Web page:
Stay warm, cozy and safe in front of the fire this winter
Winter’s icy embrace is getting closer, and there’s one surefire way to beat back the cold: a seat in front of a roaring fireplace. And while warming yourself in front of the flames is a favorite way to pass the cold months, managing a fireplace requires a lot of knowledge and attention to detail.
To stay cozy and safe this winter, here’s everything you need to know to maintain your fireplace.
Before starting your first fire of the season, give a proper cleaning to the firebox, removing any ash, dirt or dust that might have gathered during the spring and summer.
Next, open the damper, which should have remained closed when the fireplace wasn’t in use. Using a flashlight, shine a light through the open damper to make sure there are no obstructions in the chimney, such as clumps of leaves or sticks. Tiny critters can even take residence in chimneys during the off months, so watch out!
Keep things clean and tidy
During the months you use your fireplace, you’ll want to make sure you clean the firebox (the area where the logs actually burn) at least once a week. You should leave about an inch of ash to help insulate coals and allow them to heat faster, but clean away the rest.
To clean the exterior slate of the fireplace, you can wash, dry and coat the surface with lemon oil every six weeks. And to clean the exterior brick, spring for dedicated brick cleaner from a local fireplace shop.
Get the wood out
To achieve that ideal, crackling fireplace, you need to stock it with the right wood. The ideal firewood should be dry and seasoned six to 12 months after splitting, registering less than 20% moisture with a meter. You’ll want to opt for hardwoods, like oak and orchard, that dry slower than softwoods like pine and fir.
Become a smoke connoisseur
Though it may seem counterintuitive, smoke is actually not a sign of a healthy fire. As a general rule, the darker the smoke, the more pollutants are being burned. So, if you’re burning good, clean wood, your chimney should only be producing thin wisps of white steam. If you’re burning clean wood and you’re still seeing smoke, one option is to adjust your dampers or air inlets to let in more air.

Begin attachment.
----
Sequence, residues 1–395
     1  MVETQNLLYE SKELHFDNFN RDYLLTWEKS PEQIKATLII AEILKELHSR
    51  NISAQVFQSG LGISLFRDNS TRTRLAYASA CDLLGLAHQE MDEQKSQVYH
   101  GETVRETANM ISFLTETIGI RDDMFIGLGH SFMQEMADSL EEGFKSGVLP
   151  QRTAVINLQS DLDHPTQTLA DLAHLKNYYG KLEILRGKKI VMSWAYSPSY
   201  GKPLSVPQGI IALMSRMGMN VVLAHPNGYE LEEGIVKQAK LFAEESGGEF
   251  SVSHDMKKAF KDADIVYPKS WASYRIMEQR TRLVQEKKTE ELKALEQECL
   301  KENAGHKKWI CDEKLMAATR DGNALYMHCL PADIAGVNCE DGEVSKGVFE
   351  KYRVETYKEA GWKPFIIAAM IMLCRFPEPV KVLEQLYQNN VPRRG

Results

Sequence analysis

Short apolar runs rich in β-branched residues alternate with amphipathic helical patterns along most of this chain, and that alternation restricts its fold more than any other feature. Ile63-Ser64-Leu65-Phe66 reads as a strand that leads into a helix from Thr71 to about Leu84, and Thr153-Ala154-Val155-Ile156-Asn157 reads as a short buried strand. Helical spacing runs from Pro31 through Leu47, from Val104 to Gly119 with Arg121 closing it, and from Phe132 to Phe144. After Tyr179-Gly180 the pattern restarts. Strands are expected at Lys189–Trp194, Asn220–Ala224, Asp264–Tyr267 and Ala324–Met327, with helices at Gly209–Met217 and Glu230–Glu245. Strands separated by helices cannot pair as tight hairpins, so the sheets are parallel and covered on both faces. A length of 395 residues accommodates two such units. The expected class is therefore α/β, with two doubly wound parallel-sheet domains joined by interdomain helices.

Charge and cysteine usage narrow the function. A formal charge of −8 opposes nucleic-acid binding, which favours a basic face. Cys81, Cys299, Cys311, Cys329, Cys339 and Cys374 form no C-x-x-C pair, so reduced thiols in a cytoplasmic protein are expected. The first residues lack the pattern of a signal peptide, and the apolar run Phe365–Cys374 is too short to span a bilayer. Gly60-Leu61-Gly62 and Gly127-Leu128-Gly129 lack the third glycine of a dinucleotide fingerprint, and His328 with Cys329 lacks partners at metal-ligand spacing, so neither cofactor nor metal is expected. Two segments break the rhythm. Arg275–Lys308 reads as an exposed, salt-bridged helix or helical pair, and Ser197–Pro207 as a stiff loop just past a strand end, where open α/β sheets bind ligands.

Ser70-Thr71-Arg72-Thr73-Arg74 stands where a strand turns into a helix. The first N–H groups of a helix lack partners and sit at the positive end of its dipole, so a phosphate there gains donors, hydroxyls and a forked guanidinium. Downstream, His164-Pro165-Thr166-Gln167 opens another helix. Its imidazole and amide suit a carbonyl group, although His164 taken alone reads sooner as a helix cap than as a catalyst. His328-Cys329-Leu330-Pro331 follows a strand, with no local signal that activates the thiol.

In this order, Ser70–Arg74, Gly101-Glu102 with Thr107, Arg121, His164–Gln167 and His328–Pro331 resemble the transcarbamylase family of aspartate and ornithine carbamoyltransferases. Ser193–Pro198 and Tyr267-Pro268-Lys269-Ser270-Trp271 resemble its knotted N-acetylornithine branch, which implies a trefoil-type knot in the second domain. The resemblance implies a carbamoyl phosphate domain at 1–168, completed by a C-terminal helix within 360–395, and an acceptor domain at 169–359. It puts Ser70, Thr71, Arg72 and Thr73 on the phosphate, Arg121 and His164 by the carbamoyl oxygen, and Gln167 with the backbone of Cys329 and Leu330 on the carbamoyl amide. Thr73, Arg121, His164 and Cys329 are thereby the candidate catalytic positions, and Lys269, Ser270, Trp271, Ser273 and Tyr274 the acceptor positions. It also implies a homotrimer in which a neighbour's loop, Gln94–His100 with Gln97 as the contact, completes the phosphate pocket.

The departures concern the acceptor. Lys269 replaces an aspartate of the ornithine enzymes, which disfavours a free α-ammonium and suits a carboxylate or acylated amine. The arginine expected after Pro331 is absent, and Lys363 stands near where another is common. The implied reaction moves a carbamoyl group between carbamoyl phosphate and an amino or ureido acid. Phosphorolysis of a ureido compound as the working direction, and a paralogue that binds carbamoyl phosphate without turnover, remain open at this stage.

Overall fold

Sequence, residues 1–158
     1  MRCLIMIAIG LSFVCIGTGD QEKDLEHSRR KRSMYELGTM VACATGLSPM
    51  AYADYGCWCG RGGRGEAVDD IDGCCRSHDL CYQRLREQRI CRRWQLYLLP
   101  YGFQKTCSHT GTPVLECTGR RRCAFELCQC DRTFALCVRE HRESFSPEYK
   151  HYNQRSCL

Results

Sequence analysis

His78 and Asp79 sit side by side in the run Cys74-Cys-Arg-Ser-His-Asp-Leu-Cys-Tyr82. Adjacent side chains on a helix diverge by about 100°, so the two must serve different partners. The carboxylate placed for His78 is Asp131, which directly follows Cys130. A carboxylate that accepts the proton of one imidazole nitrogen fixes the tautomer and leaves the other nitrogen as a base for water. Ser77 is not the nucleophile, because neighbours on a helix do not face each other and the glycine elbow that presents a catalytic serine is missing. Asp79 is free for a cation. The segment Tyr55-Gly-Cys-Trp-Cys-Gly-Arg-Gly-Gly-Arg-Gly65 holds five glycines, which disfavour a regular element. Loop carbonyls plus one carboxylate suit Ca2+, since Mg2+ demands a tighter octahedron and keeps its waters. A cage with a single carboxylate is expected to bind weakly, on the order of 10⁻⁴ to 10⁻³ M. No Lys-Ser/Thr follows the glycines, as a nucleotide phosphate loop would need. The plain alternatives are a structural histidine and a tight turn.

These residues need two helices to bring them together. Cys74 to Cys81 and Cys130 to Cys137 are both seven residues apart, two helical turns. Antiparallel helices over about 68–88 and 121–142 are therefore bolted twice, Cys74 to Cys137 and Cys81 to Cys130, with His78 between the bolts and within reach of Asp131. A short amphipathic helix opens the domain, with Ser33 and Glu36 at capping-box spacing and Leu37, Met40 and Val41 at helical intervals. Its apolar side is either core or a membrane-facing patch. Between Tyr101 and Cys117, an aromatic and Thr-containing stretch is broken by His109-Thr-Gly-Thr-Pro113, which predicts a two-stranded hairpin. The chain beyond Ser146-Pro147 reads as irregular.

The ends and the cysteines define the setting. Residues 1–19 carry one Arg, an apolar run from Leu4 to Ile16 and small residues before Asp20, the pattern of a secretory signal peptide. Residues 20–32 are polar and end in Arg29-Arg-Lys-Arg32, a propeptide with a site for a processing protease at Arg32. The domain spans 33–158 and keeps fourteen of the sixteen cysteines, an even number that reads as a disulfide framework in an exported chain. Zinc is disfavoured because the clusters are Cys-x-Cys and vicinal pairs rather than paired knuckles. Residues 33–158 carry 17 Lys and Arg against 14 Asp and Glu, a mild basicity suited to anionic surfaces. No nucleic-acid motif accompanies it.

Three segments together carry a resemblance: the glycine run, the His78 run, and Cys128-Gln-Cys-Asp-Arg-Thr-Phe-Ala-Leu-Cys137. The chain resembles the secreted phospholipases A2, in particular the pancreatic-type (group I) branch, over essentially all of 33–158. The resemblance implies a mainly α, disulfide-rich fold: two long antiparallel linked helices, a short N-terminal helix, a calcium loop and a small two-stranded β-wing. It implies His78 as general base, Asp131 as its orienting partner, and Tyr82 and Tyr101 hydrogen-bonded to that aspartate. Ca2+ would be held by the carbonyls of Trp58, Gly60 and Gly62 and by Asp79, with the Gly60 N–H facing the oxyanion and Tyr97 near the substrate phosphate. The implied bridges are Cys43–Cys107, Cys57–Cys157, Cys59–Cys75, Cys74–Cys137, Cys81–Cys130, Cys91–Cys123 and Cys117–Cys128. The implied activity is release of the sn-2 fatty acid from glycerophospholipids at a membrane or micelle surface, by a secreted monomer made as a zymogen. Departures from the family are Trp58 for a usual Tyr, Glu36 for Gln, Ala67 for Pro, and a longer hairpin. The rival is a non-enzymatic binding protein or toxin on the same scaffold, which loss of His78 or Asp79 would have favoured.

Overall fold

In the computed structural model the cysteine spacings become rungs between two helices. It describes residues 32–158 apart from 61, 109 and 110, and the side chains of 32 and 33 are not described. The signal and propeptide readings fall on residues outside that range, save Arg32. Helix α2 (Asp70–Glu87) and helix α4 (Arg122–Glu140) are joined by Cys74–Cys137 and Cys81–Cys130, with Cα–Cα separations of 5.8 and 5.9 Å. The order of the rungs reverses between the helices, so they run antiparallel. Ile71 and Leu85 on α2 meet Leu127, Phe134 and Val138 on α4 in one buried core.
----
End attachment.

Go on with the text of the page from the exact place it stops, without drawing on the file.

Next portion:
First off, make sure to have your wood-burning fireplace or chimney inspected by a certified chimney sweep at least once a year. Throughout the year, always employ a screen in front of the fireplace, and make sure combustibles like carpet, drapes and furniture are a safe distance away from the hearth.
Always have a fully charged fire extinguisher somewhere handy. And if you haven’t already, make sure all smoke and carbon monoxide alarms are installed, and the batteries are up to date.
Explore your alternatives
While a lot of people love the idea of a wood fireplace, they don’t always love the smoke, dust and ash it can create. One alternative is to swap out traditional firewood for a chemical equivalent like Duraflame, which produces up to 50% less smoke and pollutants than wood.
Another simple fix is to make the switch to a gas fireplace, which can burn gas-powered flames behind faux or replica blocks of wood. Gas units can be connected to existing gas lines, and there are even self-contained units that can fit into existing masonry.